The Nihon Review - Anime Reviews & Editorials

Barefoot Gen

Title: Barefoot Gen aka Hadashi no Gen
Genre: Drama
Company: Madhouse Studios
Format: Movie; 85 minutes.
Dates: 21 Jul 1983

Synopsis: It’s the summer of 1945 and the war has been lingering on. Food is in short supply in Hiroshima and families are struggling to get by. Gen, a 6-year-old boy, keeps his spirits up despite his empty stomach by playing with his younger brother and getting ready for the arrival of another new sibling. Times are hard, but they will make it through, so his father tells him, until the day the atomic bomb drops and everything changes. With his city and his family in ruins, Gen has to survive and rebuild.

The Highlights
Imagery: Horrific and brutal.
6-year-old protagonist: Gen isn’t able to fully comprehend what’s happening around him.
Tone: Intense but not dark enough in some scenes.
Realism: Not afraid to show the devastation of the bomb.

Telling a story about war is incredibly difficult. Such tales have to find a delicate balance between showing the horrors of war and being absolutely crushing to watch. Like the better known Grave of the Fireflies, Barefoot Gen elects to tell a personal story based on the experiences of someone who actually lived through it. Though not directly autobiographical, it does lend a sense of weight to know that the images of the destruction of Hiroshima are borne from reality.

These images are what Barefoot Gen is most famous for. After the atomic bomb hits there is an extended scene of buildings collapsing and the skin melting off of people as they scream in pain. It is shocking and frightening and absolutely horrifying. It takes what up until that moment was a kid-friendly film and transforms it into something else entirely. After that moment, there is no turning back. Barefoot Gen does not shy away from showing death, pain and suffering. The destruction is absolute and unimaginable.

This is tempered by the protagonist, Gen. As a 6-year-old, he does not fully grasp what is happening around him. He witnesses awful things and seems to shrug them off in many cases, laughing as he plucks maggots from wounds and staring in amazement as the victims he brings water begin to die around him. Perhaps blocking the shock is all he can do, but it creates a strange divide between what the viewer is seeing and how Gen reacts. Indeed, the film does need some lighter moments to provide relief from the sadness, but the harsher scenes often lose their edge because Gen doesn’t quite know how to take them seriously. It creates distance between the viewer and the reality and severity of the situation. The film would also benefit from some quieter moments of reflection, but Gen and his younger siblings are loud and yelling incessantly for most of the film. Despite these drawbacks, a young protagonist is an important tool in telling such a story. The perspective of a child is valuable in demonstrating the sheer brutality of war and also in finding the humour and happiness in what is left behind when many adults cannot.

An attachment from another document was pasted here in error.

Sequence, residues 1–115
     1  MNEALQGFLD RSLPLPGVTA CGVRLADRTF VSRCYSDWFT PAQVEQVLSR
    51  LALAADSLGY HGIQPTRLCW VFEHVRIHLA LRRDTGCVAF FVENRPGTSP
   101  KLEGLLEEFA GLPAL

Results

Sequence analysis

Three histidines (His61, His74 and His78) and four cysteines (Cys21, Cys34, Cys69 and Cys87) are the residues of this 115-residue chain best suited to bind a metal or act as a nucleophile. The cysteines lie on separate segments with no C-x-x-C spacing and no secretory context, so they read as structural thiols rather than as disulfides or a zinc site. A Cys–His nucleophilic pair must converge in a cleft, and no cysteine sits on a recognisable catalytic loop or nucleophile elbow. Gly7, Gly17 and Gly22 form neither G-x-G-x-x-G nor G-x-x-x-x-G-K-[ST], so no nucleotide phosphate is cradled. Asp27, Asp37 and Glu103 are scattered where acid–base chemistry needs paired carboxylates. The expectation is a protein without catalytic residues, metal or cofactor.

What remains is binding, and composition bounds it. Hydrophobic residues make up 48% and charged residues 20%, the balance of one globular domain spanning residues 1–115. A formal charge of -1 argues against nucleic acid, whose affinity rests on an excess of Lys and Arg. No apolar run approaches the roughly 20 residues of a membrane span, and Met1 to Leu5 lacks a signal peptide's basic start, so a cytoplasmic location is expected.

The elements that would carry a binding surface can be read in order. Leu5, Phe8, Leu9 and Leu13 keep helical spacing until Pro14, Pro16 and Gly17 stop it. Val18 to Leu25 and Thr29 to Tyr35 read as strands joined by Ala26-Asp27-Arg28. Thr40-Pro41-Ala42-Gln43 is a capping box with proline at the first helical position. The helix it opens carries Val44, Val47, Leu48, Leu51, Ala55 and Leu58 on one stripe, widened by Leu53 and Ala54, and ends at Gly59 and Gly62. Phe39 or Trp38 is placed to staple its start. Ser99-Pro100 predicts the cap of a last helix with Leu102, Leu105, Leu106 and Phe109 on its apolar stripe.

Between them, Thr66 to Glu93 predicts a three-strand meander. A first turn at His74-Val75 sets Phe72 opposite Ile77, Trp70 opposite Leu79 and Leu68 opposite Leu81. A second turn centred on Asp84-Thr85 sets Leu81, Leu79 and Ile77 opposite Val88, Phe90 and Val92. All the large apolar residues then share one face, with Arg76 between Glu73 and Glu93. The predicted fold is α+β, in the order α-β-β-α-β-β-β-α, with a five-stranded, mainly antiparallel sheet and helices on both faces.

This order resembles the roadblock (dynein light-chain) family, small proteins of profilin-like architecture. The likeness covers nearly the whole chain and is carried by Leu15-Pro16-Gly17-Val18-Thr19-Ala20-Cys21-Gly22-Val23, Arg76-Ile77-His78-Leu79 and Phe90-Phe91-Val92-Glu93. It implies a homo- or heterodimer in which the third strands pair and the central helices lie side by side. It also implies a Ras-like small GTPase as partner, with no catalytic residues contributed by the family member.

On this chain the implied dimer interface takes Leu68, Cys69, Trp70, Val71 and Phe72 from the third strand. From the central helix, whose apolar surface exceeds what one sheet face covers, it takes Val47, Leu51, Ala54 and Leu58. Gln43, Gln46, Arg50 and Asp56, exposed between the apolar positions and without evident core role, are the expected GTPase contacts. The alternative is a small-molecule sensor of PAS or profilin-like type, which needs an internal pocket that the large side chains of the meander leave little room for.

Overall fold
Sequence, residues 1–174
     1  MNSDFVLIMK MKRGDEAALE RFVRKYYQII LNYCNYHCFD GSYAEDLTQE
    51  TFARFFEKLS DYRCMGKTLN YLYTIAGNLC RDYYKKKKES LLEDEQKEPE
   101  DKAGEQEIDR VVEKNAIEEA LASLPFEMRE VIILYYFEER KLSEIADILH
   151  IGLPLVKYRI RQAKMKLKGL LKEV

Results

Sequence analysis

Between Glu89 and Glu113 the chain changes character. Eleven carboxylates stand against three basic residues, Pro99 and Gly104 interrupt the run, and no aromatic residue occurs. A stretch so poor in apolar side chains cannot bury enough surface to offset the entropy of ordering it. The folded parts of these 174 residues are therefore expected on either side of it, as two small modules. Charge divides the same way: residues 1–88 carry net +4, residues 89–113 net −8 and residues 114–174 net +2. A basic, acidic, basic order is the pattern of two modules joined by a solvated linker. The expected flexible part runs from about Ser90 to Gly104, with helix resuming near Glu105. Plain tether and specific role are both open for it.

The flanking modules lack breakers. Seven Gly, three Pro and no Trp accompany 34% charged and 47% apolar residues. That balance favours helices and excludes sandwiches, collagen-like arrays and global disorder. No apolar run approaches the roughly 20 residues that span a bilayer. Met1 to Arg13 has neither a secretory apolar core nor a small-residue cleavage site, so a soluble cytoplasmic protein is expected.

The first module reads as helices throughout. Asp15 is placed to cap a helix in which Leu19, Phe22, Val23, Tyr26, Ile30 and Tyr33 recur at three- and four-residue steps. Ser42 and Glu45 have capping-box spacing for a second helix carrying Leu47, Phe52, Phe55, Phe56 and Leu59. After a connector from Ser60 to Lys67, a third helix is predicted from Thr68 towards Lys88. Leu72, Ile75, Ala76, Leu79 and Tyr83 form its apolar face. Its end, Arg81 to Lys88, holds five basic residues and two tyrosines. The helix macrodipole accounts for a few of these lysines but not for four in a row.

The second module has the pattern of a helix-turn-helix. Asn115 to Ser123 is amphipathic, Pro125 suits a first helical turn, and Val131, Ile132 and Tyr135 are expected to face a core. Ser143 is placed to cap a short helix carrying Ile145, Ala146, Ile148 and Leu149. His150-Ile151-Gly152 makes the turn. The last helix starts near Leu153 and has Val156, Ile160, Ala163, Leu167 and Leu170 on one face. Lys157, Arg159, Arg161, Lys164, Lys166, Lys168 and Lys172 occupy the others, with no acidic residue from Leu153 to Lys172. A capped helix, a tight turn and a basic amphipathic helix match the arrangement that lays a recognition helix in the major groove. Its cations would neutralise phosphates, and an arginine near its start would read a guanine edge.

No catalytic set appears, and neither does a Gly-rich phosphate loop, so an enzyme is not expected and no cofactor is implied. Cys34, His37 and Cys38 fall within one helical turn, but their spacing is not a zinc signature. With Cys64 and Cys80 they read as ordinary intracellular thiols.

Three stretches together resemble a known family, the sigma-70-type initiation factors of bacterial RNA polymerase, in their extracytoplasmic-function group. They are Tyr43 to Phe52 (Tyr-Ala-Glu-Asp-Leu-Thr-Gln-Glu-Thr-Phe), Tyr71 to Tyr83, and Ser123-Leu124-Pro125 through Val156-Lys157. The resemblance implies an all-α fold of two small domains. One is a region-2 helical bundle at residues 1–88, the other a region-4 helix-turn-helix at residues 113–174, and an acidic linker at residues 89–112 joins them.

This film was made just 38 years after the event it is retelling and presents a critical perspective of the war and Japan’s then leaders, with Gen’s father being an outspoken opponent. In the aftermath of the bomb a man is shown weeping, yet he weeps not for the loss of life, but because Japan has surrendered to the enemy. The original manga apparently goes into more details about surviving in the demolished city that the film skips or touches on just briefly and some of which is examined in the sequel. Barefoot Gen should be on the watch list of any anime fan who wants to understand how animation can be utilized in a powerful way to retell such an important part of our history.

The Rating: 8

Reviewed by: Kaikyaku

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